Sorghum — An Ancient Grain Gets Some Modern Love
Originally posted for Huffington Post on 6/13/2016
This Sunday it’s a double party. It’s Father’s Day and it’s Juneteenth, Africa American Emancipation Day, commemorating the end of slavery. What to serve at this celebration? Sorghum. Don’t know about it? A gift from Africa, this gluten-free ancient grain goes back millennia and was introduced to America over three centuries ago. It’s been a southern staple crop, for years, it’s the Whole Grains Council’s whole grain of the month, but the rest of us are just catching on to what it can do — everything. Like Juneteenth itself (not to mention your dad), sorghum deserves some love.
The problem is, it’s got some branding issues. We call it sorghum, but we also call it milo. We call it a whole grain but it’s really a grass, like quinoa. Whatever you call it, sorghum’s impressive and versatile. The tiny round kernels cook up slightly chewy — they look and perform like couscous. You can sauce them up and they never get soggy. Or you can pop them like popcorn. Sorghum flour’s a player in most gluten-free flour blends for gloriously gluten-free breads and pastries.* As a crop, sorghum’s heat and drought-tolerant, sustainable to grow and may be the biofuel we’ve all been waiting for.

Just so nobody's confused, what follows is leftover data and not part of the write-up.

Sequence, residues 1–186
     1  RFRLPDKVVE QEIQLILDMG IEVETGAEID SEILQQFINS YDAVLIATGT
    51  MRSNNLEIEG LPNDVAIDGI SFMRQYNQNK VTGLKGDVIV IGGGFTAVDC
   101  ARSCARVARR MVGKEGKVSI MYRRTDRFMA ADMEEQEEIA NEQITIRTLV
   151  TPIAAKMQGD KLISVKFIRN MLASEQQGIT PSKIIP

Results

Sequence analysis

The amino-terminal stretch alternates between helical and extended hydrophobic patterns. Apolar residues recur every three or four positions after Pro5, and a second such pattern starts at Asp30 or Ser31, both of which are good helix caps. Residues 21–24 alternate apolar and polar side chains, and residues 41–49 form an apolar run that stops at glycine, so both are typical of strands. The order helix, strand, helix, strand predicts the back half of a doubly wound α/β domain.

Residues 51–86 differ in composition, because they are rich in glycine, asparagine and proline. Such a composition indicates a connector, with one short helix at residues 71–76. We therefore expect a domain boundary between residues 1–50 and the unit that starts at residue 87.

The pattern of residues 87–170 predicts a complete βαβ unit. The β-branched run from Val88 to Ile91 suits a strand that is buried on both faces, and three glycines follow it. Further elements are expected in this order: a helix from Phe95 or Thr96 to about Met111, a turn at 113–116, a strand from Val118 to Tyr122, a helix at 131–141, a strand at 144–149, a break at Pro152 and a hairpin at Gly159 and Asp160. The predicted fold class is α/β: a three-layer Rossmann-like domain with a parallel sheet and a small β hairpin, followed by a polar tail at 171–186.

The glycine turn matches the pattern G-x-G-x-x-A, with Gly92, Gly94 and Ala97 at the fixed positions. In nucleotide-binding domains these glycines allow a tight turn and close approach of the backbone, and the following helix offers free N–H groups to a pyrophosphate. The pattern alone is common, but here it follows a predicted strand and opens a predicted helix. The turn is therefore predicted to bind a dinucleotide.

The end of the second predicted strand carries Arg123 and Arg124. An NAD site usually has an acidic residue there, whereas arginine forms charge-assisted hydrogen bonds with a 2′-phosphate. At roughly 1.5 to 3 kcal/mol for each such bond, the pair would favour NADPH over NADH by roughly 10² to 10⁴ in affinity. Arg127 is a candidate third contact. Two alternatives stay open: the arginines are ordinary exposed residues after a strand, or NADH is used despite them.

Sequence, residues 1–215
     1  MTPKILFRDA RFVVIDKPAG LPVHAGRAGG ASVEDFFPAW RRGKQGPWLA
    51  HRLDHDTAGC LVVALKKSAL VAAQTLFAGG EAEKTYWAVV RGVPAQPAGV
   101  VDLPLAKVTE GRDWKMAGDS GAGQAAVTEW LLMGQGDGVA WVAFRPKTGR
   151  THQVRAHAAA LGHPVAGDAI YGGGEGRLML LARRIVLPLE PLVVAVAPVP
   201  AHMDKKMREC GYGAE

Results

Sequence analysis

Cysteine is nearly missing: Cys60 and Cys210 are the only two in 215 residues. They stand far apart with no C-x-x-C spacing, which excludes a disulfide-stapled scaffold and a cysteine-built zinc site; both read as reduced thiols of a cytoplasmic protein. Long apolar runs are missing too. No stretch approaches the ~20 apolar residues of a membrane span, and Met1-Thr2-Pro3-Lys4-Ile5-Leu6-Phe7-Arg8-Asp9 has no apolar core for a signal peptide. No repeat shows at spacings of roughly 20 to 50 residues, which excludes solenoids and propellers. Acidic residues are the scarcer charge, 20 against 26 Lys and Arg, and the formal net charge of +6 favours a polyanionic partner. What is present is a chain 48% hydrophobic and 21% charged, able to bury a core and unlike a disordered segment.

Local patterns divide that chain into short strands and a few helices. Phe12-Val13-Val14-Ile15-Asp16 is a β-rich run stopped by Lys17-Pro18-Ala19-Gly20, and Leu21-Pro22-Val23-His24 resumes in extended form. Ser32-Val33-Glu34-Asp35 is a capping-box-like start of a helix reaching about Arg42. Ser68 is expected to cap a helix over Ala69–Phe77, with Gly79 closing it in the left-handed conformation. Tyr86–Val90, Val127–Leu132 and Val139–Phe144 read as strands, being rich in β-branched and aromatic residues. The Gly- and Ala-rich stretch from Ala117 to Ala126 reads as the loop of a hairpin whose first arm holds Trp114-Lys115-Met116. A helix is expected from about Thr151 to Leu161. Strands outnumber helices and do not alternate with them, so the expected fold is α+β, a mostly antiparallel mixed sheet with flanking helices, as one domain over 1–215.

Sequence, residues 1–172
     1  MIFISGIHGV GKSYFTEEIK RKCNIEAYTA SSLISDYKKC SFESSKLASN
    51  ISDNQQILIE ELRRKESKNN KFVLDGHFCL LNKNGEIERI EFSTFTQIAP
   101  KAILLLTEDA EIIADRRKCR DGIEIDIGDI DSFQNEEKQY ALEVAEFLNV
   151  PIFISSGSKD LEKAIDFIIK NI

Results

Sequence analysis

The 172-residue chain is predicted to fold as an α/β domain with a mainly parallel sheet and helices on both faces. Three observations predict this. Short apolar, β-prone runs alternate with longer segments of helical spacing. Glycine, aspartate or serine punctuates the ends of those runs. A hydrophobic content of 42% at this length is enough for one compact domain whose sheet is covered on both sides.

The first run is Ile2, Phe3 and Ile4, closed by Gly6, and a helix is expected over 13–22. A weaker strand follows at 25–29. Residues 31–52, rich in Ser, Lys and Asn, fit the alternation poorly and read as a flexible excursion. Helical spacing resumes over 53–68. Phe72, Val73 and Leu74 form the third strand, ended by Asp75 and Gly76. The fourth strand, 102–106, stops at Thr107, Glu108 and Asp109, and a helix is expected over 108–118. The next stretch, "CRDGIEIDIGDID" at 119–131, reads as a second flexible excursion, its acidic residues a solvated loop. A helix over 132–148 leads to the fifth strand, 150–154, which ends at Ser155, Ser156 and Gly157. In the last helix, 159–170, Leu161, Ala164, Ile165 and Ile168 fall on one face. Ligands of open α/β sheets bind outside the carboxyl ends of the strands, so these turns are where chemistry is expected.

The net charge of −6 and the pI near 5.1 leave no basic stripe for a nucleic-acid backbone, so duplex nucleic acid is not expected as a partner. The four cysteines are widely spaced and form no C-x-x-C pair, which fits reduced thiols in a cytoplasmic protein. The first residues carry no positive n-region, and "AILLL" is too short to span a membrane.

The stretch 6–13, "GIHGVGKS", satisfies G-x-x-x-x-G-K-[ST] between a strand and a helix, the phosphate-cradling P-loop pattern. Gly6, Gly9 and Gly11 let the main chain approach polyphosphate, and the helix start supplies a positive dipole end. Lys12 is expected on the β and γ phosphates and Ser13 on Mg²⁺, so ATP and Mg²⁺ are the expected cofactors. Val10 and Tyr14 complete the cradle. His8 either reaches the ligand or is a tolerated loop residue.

Nutrient-dense with a naturally high sugar content, sorghum first made its way into American kitchens as a syrup and — even more confusing — sometimes went by the name of sorghum molasses. Edna Lewis, the granddaughter of a freed slave and an American culinary legend secured sorghum molasses’s place in America’s culinary pantheon in her award-winning book, The Taste of Country Cooking:
Sorghum is a plant that looks very much like corn, with the exception of the grain which is formed in the tassel. … Most farmers grew a small patch of sorghum. It was harvested in the fall, tassel and leaves removed. The cane was put into a mill driven by two horses moving in a circle, clockwise, pressing out the juice as they walked around. When it was all pressed out it was poured into a large vat and cooked to a heavy, sugary syrup known as sorghum molasses. The aroma of the new crop filled the kitchen. There would be sorghum molasses for breakfast and gingerbread galore until the novelty wore off.
Sorghum doesn’t just look like corn, it does everything corn does but cheaper and more sustainably. Show this ancient grain some modern love, and Juneteenth is the time to start. Juneteenth, by the way, is also a sprawling manuscript by Invisible Man author Ralph Ellison who died in 1994 before he could complete it.
In Juneteenth, Ellison, like Lewis, the grandchild of slaves, eerily predicts and articulates all the race issues we have today. “HOW THE HELL DO YOU GET LOVE INTO POLITICS OR COMPASSION INTO HISTORY?” asks an anguished character.
Start with what connects us, like sorghum. This simple whole food from Africa has nothing spare or impoverished about it. It’s a feast of riches, a celebration of what we can become. Happy Father’s Day. Happy Juneteenth. Serve up the sorghum.